A survey from California has concluded that middle-aged people who eat a lot of meat, dairy products and eggs are four times more likely to die early from cancer or diabetes.
Researcher Valter Longo, of the University of Southern California’s Longevity Institute, said that people should be more aware of the amount of protein they eat. “Spend a couple of months looking at the labels on your food. There is a little bit of protein everywhere.”
Longo told The Daily Telegraph: “We provide convincing evidence that a high-protein diet – particularly if the proteins are derived from animals – is nearly as bad as smoking for your health.”
The scientists drew their conclusions from a study of 6,381 people aged 50 and over who took part in the National Health and Nutrition Examination Survey (NHANES) in the US.
A link between high protein intake and raised levels of the growth hormone IGF-1 might be a possible cause for the raised mortality rate. However, the health risks almost disappeared when the main source of dietary protein was plant-based. Longo said that only around ten per cent of the calories we consume should come from protein, and “the ideal sources are plant-based”.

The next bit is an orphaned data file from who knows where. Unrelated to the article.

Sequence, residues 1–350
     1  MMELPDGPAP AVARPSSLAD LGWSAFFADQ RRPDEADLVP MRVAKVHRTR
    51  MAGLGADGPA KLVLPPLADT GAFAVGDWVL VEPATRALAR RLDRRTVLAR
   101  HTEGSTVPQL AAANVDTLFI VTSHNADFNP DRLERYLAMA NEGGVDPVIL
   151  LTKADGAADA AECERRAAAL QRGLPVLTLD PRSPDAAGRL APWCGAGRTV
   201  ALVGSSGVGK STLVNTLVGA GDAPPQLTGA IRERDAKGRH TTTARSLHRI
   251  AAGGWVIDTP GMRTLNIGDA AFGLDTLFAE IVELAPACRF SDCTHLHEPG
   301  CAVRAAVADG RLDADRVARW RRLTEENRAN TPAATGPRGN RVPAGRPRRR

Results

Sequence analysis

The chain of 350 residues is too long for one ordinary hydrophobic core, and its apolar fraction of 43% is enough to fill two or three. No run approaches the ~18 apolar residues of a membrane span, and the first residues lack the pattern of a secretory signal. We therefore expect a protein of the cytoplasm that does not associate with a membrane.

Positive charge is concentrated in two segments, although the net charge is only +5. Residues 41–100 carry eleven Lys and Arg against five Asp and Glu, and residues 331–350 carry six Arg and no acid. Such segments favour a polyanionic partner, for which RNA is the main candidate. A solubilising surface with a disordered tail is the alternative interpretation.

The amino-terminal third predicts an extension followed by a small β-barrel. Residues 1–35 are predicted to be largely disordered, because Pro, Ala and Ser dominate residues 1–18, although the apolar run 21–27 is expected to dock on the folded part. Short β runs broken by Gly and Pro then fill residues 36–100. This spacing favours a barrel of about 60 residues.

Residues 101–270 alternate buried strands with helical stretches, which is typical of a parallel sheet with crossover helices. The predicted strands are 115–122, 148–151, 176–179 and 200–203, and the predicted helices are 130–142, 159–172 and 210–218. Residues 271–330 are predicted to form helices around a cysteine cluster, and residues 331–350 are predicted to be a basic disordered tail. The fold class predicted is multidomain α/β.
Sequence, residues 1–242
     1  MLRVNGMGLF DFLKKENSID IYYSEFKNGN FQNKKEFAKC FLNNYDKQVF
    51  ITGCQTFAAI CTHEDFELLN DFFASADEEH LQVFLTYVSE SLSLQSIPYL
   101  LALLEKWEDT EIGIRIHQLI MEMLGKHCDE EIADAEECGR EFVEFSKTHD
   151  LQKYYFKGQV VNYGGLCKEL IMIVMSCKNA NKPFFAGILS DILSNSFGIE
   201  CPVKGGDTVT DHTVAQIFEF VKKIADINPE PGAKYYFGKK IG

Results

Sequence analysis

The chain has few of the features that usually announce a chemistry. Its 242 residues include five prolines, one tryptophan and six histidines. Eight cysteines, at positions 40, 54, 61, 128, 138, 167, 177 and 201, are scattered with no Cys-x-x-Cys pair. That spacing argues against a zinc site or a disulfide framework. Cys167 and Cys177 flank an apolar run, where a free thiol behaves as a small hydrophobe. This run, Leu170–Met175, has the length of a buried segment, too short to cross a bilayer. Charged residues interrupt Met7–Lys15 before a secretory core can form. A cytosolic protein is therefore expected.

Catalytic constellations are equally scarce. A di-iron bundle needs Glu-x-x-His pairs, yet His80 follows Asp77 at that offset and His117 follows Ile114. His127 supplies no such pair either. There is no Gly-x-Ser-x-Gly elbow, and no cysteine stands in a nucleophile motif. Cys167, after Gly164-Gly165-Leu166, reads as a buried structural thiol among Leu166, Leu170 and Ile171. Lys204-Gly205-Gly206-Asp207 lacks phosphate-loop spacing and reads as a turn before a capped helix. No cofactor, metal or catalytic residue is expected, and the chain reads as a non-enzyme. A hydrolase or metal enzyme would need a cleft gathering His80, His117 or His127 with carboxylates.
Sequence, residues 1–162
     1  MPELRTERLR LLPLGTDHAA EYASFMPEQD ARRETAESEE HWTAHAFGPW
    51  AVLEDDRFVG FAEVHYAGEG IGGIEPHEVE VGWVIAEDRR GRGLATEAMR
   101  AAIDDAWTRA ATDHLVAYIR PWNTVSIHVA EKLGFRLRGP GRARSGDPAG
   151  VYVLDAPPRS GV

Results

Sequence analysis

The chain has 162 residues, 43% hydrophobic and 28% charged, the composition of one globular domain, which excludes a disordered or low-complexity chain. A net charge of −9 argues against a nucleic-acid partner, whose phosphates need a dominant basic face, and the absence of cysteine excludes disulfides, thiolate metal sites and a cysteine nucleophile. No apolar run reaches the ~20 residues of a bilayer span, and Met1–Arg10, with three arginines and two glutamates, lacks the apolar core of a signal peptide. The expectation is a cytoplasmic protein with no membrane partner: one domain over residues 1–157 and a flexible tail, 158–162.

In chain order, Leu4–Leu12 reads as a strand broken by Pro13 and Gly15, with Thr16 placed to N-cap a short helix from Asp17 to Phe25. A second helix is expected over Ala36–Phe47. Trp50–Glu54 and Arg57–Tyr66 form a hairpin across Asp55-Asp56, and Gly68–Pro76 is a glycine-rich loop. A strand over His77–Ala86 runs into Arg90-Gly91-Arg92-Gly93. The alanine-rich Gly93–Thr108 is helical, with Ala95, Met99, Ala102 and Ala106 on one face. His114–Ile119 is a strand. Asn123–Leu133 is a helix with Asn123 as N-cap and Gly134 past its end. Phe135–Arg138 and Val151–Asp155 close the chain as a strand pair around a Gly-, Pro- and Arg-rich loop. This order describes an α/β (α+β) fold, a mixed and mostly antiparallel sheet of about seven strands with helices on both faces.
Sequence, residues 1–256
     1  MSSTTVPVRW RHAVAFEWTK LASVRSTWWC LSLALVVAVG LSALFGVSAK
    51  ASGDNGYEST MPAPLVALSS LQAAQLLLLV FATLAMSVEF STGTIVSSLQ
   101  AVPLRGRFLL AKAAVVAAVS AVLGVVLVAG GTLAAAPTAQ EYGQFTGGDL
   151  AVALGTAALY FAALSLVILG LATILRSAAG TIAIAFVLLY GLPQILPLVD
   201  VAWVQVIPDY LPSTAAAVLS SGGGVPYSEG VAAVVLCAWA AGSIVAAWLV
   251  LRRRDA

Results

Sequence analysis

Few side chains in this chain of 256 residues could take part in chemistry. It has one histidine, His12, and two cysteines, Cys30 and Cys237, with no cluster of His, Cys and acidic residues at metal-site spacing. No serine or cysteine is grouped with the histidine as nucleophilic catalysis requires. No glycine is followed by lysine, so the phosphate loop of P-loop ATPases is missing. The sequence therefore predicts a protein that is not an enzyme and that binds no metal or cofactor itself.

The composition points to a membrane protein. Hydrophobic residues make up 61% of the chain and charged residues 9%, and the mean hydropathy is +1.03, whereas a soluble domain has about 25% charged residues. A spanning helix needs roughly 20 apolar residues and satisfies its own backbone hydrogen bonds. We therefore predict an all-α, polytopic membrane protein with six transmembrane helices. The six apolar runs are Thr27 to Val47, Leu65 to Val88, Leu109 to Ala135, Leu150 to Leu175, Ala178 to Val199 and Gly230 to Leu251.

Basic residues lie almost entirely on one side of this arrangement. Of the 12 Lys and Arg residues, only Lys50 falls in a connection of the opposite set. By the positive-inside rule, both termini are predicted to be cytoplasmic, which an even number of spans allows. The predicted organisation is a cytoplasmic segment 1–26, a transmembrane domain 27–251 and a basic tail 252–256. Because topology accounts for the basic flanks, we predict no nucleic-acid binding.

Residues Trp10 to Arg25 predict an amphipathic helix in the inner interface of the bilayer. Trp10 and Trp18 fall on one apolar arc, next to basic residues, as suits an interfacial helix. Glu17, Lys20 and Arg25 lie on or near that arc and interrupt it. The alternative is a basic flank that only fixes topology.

The survey recommends a protein intake of no more than 0.8 g per kg of body weight per day during middle age (e.g. 51 g for a person weighing 10 stones, 61 g for a person weighing 12 stones). The British Nutrition Foundation provides similar figures, noting that the daily protein requirement is 45 g and 56 g for the average woman and man respectively. It notes that most people eat far more protein than they need, with average intakes around 88 g per day for men and 64 g per day for women. The findings call into question the long-term safety of the Atkins and Paleo diets which recommend high intakes of meat and other animal proteins.
Read the survey here.